Your decisions affect some or all of the four stats at the top of the screen, which correspond to the well-being of the church, the populace in general, the army, and your treasury. If any of those stats reaches either maximum or minimum states, you will die and be replaced by your heir, who will start from where you left off (but with stats set back to average). Some of those death reasons are pretty contrived: make too much money and your citizens will throw a feast in your honor, where inevitably you will choke to death. But the need for balance makes this much more difficult and interesting than if it were safe to just max out your treasury, for instance.

There are a few minor complications that turn up after you’ve played for a bit: for instance, you can make decisions that add semi-permanent resources to your kingdom, such as a placement on the Silk Road that provides income every turn regardless of what else you do, or a siloing system that helps protect you in the event your kingdom runs out of food. And there’s also a combat mini-game that you can unlock after a bit of experiment.

Still, there’s a heavy component of chance here. You don’t know in advance what cards are going to turn up, and you can never just autonomously choose an action. So you may be able to see that your Treasury stat is edging up and up, dangerously close to triggering the Deathfeast, but not be able to do anything to offload your obscene wealth.

Each card also comes with a small amount of story, and because those stories are dependent on your existing stats, this feels like quality-based narrative — though without the wild proliferation of different stat types that one sees in Fallen London. Like other QBN pieces, this means it offers cause-and-effect chains the authors might not have specifically anticipated. During one of my reigns, I accepted a marriage proposal from an adjoining kingdom in order to avert a war; then I let my new wife throw a feast, but the feast bankrupted the kingdom and brought my reign to a precipitous close. Oops. Did the authors intend that sequence? Not necessarily, but it results naturally from the way stats move.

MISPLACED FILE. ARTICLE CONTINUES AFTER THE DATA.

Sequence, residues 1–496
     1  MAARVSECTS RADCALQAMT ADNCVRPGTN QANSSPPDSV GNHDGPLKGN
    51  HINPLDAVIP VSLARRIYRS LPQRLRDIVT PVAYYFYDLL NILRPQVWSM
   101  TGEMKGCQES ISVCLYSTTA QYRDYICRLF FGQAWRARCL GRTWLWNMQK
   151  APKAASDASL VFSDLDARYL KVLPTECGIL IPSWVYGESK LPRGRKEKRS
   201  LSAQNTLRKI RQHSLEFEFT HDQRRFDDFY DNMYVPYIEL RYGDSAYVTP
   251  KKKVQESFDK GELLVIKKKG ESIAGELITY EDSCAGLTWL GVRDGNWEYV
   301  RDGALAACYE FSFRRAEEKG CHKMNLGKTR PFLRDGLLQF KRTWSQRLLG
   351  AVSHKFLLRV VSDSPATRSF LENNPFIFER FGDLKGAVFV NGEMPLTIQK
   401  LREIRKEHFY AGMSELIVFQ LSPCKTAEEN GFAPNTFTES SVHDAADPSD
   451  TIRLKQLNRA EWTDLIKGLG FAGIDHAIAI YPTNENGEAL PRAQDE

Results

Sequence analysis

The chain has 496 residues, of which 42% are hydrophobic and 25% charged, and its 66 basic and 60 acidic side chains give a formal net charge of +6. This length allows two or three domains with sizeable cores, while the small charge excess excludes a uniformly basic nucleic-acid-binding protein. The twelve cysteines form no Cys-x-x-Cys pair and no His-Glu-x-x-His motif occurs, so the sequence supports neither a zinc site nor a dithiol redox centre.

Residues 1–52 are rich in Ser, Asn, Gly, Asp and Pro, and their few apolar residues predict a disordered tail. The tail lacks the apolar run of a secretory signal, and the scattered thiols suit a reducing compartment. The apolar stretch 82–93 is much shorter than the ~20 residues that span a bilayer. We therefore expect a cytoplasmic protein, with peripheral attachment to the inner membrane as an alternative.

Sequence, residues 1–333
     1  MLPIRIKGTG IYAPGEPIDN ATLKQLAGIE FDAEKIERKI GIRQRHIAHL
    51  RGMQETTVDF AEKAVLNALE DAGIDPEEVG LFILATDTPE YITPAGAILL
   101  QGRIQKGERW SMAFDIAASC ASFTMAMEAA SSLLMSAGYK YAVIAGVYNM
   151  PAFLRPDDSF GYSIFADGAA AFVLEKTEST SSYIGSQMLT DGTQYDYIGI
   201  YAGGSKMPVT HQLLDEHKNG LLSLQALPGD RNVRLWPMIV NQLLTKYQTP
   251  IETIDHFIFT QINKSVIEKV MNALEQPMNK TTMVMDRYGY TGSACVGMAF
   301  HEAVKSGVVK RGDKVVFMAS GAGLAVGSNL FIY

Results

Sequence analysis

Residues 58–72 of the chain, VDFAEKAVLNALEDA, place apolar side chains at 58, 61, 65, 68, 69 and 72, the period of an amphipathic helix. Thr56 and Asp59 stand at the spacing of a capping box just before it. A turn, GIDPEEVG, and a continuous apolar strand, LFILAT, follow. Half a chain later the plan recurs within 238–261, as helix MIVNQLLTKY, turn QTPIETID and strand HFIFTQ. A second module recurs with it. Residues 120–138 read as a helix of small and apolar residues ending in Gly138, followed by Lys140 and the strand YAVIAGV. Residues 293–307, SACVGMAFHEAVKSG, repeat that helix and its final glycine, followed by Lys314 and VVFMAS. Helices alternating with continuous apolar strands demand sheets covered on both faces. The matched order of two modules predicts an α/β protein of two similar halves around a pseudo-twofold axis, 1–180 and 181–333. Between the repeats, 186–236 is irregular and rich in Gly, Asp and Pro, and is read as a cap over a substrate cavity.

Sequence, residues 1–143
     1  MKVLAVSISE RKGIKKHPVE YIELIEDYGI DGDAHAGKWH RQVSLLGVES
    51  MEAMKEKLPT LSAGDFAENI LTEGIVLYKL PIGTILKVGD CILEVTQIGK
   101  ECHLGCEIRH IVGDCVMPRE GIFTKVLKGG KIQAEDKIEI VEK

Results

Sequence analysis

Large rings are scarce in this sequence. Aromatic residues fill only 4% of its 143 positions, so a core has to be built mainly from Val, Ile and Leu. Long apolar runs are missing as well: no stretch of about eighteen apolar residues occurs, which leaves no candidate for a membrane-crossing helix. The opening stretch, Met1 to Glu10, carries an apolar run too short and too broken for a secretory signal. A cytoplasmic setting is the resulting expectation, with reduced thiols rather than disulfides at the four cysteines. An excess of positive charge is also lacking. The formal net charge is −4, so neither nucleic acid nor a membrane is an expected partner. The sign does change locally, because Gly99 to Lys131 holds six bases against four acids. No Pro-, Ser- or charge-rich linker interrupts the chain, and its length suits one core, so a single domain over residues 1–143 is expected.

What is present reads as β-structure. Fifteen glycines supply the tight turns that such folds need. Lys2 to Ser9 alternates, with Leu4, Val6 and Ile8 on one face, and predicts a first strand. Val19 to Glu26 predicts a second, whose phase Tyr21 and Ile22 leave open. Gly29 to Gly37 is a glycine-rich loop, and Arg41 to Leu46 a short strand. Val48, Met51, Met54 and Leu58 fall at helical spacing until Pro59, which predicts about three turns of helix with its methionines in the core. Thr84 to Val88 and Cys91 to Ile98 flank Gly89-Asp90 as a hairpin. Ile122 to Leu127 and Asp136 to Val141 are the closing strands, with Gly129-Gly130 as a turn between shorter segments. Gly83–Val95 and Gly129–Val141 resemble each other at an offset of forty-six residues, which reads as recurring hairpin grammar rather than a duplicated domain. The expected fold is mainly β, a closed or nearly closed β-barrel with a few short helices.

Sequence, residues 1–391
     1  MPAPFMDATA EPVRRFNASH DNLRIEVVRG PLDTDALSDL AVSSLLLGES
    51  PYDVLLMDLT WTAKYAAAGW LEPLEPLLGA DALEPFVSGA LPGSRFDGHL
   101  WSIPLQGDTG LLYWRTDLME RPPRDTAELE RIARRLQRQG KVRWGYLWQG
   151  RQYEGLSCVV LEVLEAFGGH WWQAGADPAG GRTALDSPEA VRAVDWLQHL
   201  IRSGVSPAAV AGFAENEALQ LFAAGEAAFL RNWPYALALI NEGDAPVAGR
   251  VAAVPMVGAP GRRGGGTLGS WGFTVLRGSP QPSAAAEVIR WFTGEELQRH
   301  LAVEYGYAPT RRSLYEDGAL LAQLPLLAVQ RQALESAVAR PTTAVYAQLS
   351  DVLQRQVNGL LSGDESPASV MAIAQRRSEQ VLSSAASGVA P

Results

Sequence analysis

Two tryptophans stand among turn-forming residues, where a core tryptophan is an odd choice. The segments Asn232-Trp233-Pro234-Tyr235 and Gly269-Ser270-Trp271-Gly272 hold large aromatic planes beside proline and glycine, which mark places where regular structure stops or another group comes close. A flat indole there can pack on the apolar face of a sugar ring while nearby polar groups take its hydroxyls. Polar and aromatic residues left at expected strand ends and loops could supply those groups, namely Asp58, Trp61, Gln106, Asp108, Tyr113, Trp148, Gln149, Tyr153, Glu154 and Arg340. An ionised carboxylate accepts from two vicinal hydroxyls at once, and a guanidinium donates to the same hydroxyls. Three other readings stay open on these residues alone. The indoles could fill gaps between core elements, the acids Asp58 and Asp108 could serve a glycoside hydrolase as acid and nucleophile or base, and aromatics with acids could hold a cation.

There is a longer arc that plays out over the course of multiple reigns, but it’s easy to go through a number of deaths without getting any new content for that piece of the game.

Ultimately, the story experience is a little dilute for my tastes. The tinder-style mechanic, the randomness of card availability, and the fact that you die so often, all made me sit back rather than sit forward. After all, the stakes are low (what do I care if yet another king dies of gangrene after an ill-advised boar hunt?) and my control is likewise limited. Still, Reigns is entertaining in short spurts, and I’m always interested to see new QBN-ish pieces, especially ones not written in the StoryNexus toolset.

Disclosure: I played a copy of this game that I bought with my own money.

Mark Bernstein on Hypertext Narrative

Literary hypertext has a long history that isn’t always well understood or well acknowledged by interactive fiction authors, even though with the growing popularity of Twine and other hypertext tools, the techniques are more than ever relevant to us.